OTC Category Reviews
10-minute clinic: sore throat
This handy 10-minute clinic is designed to act as a quick reference guide that will help you when advising customers in different category areas. The flowchart leads you through the decision-making process to help you respond to customer queries. This month, we look at the advice you can offer and the products you can recommend to customers suffering from sore throat
At a glance
Whenever you talk to any customer, remember WWHAM:
Who is it for?
It may not be the customer who needs the treatment. Remember that many sore throat products have a high sugar content and should be avoided by people with diabetes.
What are the symptoms?
Sore throats caused by viral infections are often accompanied by other symptoms, such as a blocked or runny nose and headache.
How long have the symptoms been present?
This will help establish what may be causing the sore throat.
Action already taken?
This will help you find out if the customer has tried a product that
has not helped.
It is important to refer customers who are taking other medicines, or who have another medical condition, to the pharmacist for further advice.
You don’t have to ask these questions in order, and a customer might give you some of this information without you asking. As long as you get the points covered in each question into the conversation, you should be able to find out the information you need in order to make an appropriate recommendation.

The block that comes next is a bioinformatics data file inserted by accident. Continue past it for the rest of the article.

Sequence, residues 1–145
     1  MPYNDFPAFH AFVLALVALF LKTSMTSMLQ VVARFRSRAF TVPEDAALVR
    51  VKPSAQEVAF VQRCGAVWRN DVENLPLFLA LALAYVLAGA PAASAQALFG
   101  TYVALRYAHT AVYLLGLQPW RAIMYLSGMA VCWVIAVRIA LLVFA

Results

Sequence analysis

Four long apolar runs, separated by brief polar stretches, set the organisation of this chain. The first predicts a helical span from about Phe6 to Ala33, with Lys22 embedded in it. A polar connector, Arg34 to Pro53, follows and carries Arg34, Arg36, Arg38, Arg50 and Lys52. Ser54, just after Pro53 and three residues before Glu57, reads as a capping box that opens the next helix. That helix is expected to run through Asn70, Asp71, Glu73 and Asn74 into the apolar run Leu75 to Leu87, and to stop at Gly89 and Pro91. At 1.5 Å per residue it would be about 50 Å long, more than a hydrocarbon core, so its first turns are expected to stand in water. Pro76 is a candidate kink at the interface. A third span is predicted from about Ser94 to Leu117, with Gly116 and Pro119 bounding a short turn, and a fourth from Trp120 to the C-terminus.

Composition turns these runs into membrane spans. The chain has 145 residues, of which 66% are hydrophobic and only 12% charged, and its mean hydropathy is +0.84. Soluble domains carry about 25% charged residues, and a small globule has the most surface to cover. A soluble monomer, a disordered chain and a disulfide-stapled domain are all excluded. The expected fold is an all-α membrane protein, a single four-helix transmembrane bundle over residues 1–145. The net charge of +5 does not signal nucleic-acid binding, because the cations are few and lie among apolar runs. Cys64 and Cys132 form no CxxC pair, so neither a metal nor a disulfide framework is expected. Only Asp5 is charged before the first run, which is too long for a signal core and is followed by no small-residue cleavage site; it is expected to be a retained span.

The golden rule to remember is: if in doubt, refer to the pharmacist. Don’t be embarrassed to ask for their advice as they have a lot of information about products and symptoms to hand that you may not be aware of.
When to refer to the pharmacist
• The person has a fever
• The sore throat has lasted over seven days
• There are spots on the throat or tongue
• There is any neck stiffness or severe soreness
• The person has difficulty swallowing or breathing
• The sore throat has worsened quickly
• There is a skin rash of any description
• The customer is on medicines that affect the immune system.
Self care tips
- Drink plenty of fluids. Warm drinks containing lemon juice and honey can be particularly soothing for the throat
- Don’t smoke
- Gargle with soluble aspirin (adults only) or warm salt water
- Don’t share drinks, cutlery, etc.
According to the World Health Organization, a sore throat can be a sign of Covid-19. It is not considered one of the most common symptoms, although some people with the virus may suffer from it.
If a sore throat is accompanied by one or more of the three main symptoms of Covid-19, individuals should get a test as soon as possible to check if they have the virus. They should isolate at home and not have visitors until they get the test result, only leaving their home to have the test. Anyone they live with, and anyone in their support bubble, must also stay at home until the test result is received. If the result is positive, they should self-isolate for a minumum of 10 days from the onset of symptoms.
According to the NHS, the three main symptoms of Covid-19 are:
1. A high temperature – this means feeling hot to touch on the chest or back (they do not need to measure their temperature)
2. A new, continuous cough – this means coughing a lot for more than an hour, or three or more coughing episodes in 24 hours. If the individual usually has a cough, it may be worse than usual
3. A loss or change to the senses of smell or taste – this means noticing that the senses of smell and taste are gone or things smell or taste different to normal.
If someone is worried about possible symptoms of Covid-19 or don’t know what to do, they should find out what steps to take by using the NHS 111 online coronavirus service.
Prepare to advise parents and carers on appropriate management of their children’s eczema.